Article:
Much, if not all, of the credit goes to a $19 billion, 15-year EPA cleanup plan started in 2010, which required surrounding states to limit runoff from farms and improve wastewater treatment facilities. Even the lowest estimates of economic activity created by the Bay far exceed the EPA’s $19 billion over 15 years in cleanup costs. The regulations could only work, though, if all states contributing water to the Chesapeake (those in the Chesapeake Bay watershed) had to follow the same rules. That meant that West Virginia, New York, and Pennsylvania were bound by the rules even though the Bay does not touch their borders.
President Trump attempted to eliminate the program in his 2018 budget and cut it by 90% in his 2019 budget, though Congress rejected both plans. Despite successful results, a strong campaign exists to prevent the EPA from creating rules binding states to participate in such programs. Georgia filed an amicus brief with the US Supreme Court in 2015 opposing the EPA’s ability to limit pollutants in the Chesapeake Bay and some Republicans continue to amend spending bills to limit the EPA’s ability to enforce pollution restrictions.
A New Map Every Day
From National Geographic and Kottke.org. National Geographic is going through its archive and sharing a new map every day. Subscribers get immediate access to all the maps, but non-subscribers can see a new one each day by following them on Twitter, Facebook, or Instagram. National Geographic is perhaps best known for its photographs, but the magazine’s extensive reporting on environmental and social issues around the world is very much underappreciated. Oh, and their maps are pretty good, too.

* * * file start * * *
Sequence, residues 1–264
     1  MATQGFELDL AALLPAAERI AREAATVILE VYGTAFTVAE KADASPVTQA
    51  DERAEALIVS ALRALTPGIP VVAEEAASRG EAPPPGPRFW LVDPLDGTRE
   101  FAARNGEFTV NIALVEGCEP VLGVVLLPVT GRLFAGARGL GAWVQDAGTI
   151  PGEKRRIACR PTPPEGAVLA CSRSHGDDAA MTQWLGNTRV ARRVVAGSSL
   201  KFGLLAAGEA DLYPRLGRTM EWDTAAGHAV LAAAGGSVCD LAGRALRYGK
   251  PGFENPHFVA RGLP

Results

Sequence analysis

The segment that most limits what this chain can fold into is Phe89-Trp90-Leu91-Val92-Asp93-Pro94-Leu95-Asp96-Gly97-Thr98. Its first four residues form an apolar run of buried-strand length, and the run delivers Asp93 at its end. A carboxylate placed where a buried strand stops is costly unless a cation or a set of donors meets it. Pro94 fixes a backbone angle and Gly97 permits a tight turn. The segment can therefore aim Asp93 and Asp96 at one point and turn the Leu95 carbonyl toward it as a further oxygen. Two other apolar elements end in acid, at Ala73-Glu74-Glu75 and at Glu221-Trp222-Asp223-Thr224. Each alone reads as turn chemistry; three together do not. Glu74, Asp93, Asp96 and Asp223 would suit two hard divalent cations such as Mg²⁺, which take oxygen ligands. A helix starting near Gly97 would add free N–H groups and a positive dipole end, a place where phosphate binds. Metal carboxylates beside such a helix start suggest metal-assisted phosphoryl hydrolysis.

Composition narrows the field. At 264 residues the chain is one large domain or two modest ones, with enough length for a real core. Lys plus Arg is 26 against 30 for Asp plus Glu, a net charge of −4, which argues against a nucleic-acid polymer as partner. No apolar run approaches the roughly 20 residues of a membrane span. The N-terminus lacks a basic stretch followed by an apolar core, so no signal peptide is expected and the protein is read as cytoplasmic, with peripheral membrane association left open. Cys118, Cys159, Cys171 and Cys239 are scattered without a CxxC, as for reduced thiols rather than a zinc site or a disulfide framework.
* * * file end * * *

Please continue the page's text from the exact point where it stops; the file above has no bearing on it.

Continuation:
Nothing to See Here, Folks
From Governing. Over the past several years, states have enacted statutes or rules designed to limit public access to documents. We take for granted the federal Freedom of Information Act and similar state open records statutes that require the government to turn over requested information. The open records laws are just statutes, though, not constitutional rights, so states are free to amend them to limit public oversight. For example, the Kentucky attorney general recently ruled that correspondence between public employees on their personal phones is exempt from public disclosure. Florida, a long-time leader in open records laws (sometimes referred to as “sunshine” laws), has over 1,100 exemptions limiting public access.
Georgia has over 50 exemptions to its open records, though the Georgia Supreme Court recently gave consumers a victory when it ruled that Kennesaw State University was not prohibited from disclosing information related to a study done by a professor on behalf of a payday lender group. Those in Georgia and elsewhere should keep an eye out for under-the-radar legislation that attempts to curtail the public’s oversight of the government.
Cover Photo Credit: Paul Sableman via Flickr